Worries over the continued spread of the coronavirus have hit financial markets, with stocks from Wall Street to Tokyo declining.
The three main US indexes were down more than 1% at mid-day, while London’s FTSE 100 index ended almost 2.3% lower.
Firms with significant sales in China were among the hardest hit.
The coronavirus has killed 81 people in China with almost 3,000 confirmed ill, while at least 44 cases have been confirmed abroad.
The price of oil also fell, with Brent crude dropping 2.9% to $58.14 a barrel, as traders fear demand could drop if China’s economy stalls.
In an attempt to slow the spread of the virus, China has announced travel curbs and quarantines, while companies in China have advised staff to work from home.
Businesses are also offering workers longer holidays, as well as telling employees returning from the most affected areas to stay away from work.
Janet Mui, global economist at Cazenove Capital, told the BBC’s Today programme that China’s economy could suffer as the outbreak has happened over Chinese New Year, when a lot of shopping is done and gifts exchanged.
“If you look at history the most comparable example would be the Sars episode in 2003,” Ms Mui said.
Chinese consumers spent an estimated $149bn (£114bn) during the Chinese New Year celebrations last year, according to research firm Bernstein.
After the Sars outbreak, which killed almost 800 people, annual growth slumped from 11% to 9%.
On Monday, shares across Europe saw big declines, with the German Dax and French Cac 40 indexes both down by more than 2.5%.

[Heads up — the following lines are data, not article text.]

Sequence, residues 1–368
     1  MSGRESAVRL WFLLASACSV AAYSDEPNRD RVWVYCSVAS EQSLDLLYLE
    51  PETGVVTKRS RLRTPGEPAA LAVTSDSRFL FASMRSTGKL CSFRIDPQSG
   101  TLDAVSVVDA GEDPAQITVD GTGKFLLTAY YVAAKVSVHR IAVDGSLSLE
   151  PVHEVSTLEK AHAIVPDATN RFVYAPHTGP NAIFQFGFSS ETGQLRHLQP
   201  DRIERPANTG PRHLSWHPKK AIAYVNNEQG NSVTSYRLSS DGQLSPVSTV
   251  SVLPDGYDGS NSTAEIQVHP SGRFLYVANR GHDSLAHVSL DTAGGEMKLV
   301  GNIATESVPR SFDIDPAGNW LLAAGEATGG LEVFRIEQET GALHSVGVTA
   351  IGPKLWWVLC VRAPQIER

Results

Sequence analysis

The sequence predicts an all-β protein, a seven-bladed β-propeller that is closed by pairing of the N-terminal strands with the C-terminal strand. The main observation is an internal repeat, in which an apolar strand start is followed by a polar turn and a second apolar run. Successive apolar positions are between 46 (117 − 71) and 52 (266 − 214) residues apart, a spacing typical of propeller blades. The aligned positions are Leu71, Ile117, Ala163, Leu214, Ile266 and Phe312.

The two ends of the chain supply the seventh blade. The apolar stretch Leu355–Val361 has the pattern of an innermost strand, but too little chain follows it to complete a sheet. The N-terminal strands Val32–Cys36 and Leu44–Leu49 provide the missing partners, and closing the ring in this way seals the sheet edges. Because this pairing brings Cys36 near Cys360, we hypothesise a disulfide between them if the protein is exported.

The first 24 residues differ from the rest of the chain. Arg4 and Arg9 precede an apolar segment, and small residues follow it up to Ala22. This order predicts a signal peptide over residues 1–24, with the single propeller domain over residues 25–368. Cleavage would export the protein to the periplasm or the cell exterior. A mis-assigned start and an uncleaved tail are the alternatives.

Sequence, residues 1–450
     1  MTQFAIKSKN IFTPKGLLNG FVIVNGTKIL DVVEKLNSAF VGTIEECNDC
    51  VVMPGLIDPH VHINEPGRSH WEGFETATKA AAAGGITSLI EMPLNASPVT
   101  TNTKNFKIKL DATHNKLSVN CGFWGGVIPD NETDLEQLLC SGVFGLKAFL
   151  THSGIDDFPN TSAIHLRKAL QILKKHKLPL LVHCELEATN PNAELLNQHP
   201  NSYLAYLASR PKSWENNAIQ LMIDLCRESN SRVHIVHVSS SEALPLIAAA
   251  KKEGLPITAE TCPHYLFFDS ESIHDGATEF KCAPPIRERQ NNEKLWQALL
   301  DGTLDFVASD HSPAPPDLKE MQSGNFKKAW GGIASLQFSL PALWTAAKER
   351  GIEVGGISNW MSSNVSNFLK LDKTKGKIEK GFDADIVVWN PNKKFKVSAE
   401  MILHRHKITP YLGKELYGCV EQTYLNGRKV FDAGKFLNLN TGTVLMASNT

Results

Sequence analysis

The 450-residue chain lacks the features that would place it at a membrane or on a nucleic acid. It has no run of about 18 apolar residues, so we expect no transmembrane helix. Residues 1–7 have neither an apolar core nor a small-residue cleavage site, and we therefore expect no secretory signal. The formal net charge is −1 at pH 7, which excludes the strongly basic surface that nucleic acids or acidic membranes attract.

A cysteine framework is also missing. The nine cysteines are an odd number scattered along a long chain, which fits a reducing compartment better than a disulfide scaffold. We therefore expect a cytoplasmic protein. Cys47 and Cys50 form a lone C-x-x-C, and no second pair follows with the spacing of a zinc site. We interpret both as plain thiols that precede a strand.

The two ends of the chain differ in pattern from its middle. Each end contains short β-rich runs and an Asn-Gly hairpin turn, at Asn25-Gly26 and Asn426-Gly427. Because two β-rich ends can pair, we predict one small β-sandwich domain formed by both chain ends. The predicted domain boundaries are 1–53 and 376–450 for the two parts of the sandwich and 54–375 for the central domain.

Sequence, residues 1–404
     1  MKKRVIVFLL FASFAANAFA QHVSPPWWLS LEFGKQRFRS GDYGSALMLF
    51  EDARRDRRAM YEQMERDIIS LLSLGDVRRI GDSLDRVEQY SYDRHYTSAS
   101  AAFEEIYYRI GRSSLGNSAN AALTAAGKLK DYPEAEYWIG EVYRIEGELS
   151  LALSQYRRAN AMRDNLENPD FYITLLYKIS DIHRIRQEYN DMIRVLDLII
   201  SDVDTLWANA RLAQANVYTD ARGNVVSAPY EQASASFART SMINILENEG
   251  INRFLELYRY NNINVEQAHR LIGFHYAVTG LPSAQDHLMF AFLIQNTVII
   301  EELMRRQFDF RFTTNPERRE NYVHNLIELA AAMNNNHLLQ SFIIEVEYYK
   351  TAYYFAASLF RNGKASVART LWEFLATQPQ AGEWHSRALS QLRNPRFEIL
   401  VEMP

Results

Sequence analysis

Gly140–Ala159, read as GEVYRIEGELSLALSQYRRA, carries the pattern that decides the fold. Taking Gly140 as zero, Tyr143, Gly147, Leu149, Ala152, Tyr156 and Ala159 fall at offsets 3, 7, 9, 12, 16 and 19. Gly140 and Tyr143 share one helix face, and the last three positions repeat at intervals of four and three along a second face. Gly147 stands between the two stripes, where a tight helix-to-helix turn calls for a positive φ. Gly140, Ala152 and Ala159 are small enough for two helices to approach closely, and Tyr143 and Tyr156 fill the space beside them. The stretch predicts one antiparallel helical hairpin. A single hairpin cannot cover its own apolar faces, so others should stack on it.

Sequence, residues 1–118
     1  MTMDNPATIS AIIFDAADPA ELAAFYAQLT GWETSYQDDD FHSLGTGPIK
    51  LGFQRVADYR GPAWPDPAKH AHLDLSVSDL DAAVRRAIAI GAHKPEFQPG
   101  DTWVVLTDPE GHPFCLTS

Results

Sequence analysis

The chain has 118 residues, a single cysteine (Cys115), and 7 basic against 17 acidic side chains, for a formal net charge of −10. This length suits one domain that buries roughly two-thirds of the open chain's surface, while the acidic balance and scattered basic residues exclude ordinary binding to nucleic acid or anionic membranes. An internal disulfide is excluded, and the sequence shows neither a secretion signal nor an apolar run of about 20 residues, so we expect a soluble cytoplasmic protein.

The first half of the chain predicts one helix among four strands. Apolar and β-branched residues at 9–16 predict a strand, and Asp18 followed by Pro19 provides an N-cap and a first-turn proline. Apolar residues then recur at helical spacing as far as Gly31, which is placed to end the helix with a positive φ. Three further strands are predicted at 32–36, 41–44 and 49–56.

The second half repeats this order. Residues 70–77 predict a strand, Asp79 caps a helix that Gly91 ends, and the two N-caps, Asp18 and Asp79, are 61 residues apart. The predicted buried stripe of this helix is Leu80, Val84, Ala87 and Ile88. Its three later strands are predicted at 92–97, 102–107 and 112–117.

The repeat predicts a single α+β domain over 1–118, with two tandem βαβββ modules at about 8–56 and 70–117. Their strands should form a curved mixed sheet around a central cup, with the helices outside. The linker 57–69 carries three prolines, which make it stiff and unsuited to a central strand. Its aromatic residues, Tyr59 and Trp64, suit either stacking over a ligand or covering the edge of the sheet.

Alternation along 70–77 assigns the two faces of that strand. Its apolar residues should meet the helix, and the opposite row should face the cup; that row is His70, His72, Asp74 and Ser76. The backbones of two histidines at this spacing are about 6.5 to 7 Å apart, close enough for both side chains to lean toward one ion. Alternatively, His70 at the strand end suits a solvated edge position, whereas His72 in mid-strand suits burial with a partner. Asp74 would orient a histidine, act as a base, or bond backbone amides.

Luxury brands popular in China, including LVMH, Kering, L’Oreal and Hermes, all took hits, after seeing record high share prices in the past month.
In London, clothes maker Burberry, which makes about 16% of its sales in China, fell 4.79%. China is one of Burberry’s fastest-growing markets, and has warned investors that a drop in Chinese spending could spell a decline in its own revenues.
In the US, Wynn Resorts, which runs casinos in Macau, was amongst the biggest losers, with shares down 6.5%. Las Vegas Sands, which also has a large operation there, slumped more than 5.6%.
Disney, which on Friday said it would close its Shanghai park, was down more than 2%, and travel companies were also affected.
Tommy Wu, senior economist at Oxford Economics, said any hit to the Chinese economy would probably be short-lived, hitting performance in the first three months of the year.
“We also expect the Chinese government to roll out measures to stabilise growth, if needed,” he said in a research note. Hong Kong, with its continuing pro-democracy protests, may suffer more, he said.
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